I am not a Star Wars fan. I have only seen two and half of the six films and if I never saw another episode I would be quite content. My children, however, love Star Wars. In our house, everything from carrot sticks to rulers are light sabers. My husband is the one to blame for their Star Wars obsession simply because he enjoys it. Because he likes it, the kids like it. This is true of Star Wars, Oreos, music, and so much more. They love their Daddy and therefore, they love the things that he loves because they want to be just like him. They are imitators of him.
The relationship my kids have with their Daddy helps me to better grasp Ephesians 5:1: "Therefore, be imitators of God, as beloved children." Just as my kids respond to their Daddy's love by delighting in him and wanting to be just like him, Christians should respond the same way to our Heavenly Father. As the redeemed children of God, we should seek to imitate our Father because of the great love that our Father bestowed upon us.
Just as my kids respond to their Daddy's love by delighting in him and wanting to be just like him, Christians should respond the same way to our Heavenly Father.
The Love of the Father
But, we were not always children of God—we once were enemies. We were once "separated from Christ...having no hope and without God in the world" (Ephesians 2:12). But, on no merit of our own, God saves us. "God shows his love for us in that while we were still sinners, Christ died for us" (Romans 5:8). The love of the Father is most clearly displayed on the cross.
Because of the cross, believers are now beloved children of God: "So then you are no longer strangers and aliens, but you are fellow citizens with the saints and members of the household of God" (Ephesians 2:19). On the cross, the work is finished, our status is secure. Now we have only to respond to his love.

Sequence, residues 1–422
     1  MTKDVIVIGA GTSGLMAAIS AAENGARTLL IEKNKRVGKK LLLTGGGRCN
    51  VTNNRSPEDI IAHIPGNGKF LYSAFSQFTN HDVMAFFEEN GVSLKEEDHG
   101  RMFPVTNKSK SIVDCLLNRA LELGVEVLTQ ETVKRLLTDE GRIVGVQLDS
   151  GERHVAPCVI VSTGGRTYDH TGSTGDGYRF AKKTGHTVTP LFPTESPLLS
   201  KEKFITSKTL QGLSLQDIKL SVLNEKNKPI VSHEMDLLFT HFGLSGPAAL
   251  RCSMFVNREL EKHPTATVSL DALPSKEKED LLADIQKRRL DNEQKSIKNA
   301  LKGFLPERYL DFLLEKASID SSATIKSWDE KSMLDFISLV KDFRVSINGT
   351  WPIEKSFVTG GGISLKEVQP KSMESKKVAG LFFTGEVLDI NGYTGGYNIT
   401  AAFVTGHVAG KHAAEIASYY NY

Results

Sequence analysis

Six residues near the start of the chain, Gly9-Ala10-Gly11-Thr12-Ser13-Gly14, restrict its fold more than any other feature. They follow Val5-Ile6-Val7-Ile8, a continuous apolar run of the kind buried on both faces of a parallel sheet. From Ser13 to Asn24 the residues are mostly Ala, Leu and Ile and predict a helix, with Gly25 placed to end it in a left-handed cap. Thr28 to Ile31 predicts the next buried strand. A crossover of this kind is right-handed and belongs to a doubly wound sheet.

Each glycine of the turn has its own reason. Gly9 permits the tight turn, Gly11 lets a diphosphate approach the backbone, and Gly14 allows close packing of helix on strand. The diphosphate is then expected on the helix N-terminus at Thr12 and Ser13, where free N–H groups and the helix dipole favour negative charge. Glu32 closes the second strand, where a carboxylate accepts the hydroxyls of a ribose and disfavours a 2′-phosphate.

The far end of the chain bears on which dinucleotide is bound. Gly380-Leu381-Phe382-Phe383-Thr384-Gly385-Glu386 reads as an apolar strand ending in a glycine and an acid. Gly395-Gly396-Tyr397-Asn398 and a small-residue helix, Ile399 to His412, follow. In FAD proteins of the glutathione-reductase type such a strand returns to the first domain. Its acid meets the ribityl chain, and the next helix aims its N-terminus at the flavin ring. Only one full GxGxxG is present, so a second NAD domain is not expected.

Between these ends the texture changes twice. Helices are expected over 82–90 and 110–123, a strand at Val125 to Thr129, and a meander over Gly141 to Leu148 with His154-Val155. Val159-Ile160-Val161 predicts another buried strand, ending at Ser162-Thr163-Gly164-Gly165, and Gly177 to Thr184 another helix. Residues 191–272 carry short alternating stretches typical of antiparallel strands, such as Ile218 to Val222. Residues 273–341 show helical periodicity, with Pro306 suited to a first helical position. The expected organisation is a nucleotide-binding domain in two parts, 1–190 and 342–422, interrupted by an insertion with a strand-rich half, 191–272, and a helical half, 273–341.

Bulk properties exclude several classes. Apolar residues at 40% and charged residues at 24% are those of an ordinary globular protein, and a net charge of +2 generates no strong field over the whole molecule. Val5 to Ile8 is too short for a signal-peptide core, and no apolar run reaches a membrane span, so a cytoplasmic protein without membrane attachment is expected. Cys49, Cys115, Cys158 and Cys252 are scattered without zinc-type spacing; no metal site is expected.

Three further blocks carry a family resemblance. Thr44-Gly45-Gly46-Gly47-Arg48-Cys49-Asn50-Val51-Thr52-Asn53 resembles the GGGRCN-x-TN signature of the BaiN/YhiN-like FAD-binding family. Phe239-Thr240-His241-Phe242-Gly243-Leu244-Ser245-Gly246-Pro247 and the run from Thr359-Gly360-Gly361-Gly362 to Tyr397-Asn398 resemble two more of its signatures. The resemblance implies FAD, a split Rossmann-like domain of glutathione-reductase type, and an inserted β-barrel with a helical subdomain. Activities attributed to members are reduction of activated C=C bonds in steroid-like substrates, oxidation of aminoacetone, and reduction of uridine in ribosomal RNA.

Our response to this abounding love is worship. Worship of the God who redeems, awe of the Savior who justifies, and gratitude for the Spirit continuing the saving work of Christ in our hearts. As we worship in "reverence and awe" (Hebrews 12:28) of the Father, imitation will follow.
Imitating the Father
We will start to love the things the father loves and hate the things the father hates. Godliness will be desirable and sin distasteful. Our love of self will be transformed to a deep love for God and a desire for him to receive the glory. We will do good works, not because we are trying to earn his love but because of his great love for us.
I see this with my kids. They don't imitate their Daddy because they are trying to earn favor with him. They imitate their Daddy because they love him. God in his goodness, through this precious relationship between my kids and their Daddy, has blessed me with a glimpse of what God's love for us looks like and what our response should be. But, there is one big difference between the imitation of their earthly father and our imitation of God: my husband is a sinner, God is not. My kids imitate their Daddy in everything, including the bad. My husband hates most vegetables; therefore, it is also a battle to get my kids to eat them. My husband (and myself as well) loses his temper, my kids also do the same. This flawed example demonstrates not only our need for a better example, a perfect example, but also our utter dependence on Christ to save us.
Because he has saved us, we have become "partakers in the divine nature" (2 Peter 1:4). Through the power of the Holy Spirit our hearts are transformed to be more like Christ. This process is called sanctification. We're still sinners, but the Holy Spirit works often in spite of us, convicting us of our sin, bringing us to repentance, and producing further worship as our eyes are opened to the boundless extent of what we have been rescued from. The cycle continues as the more we love the Father, the more we become imitators of him.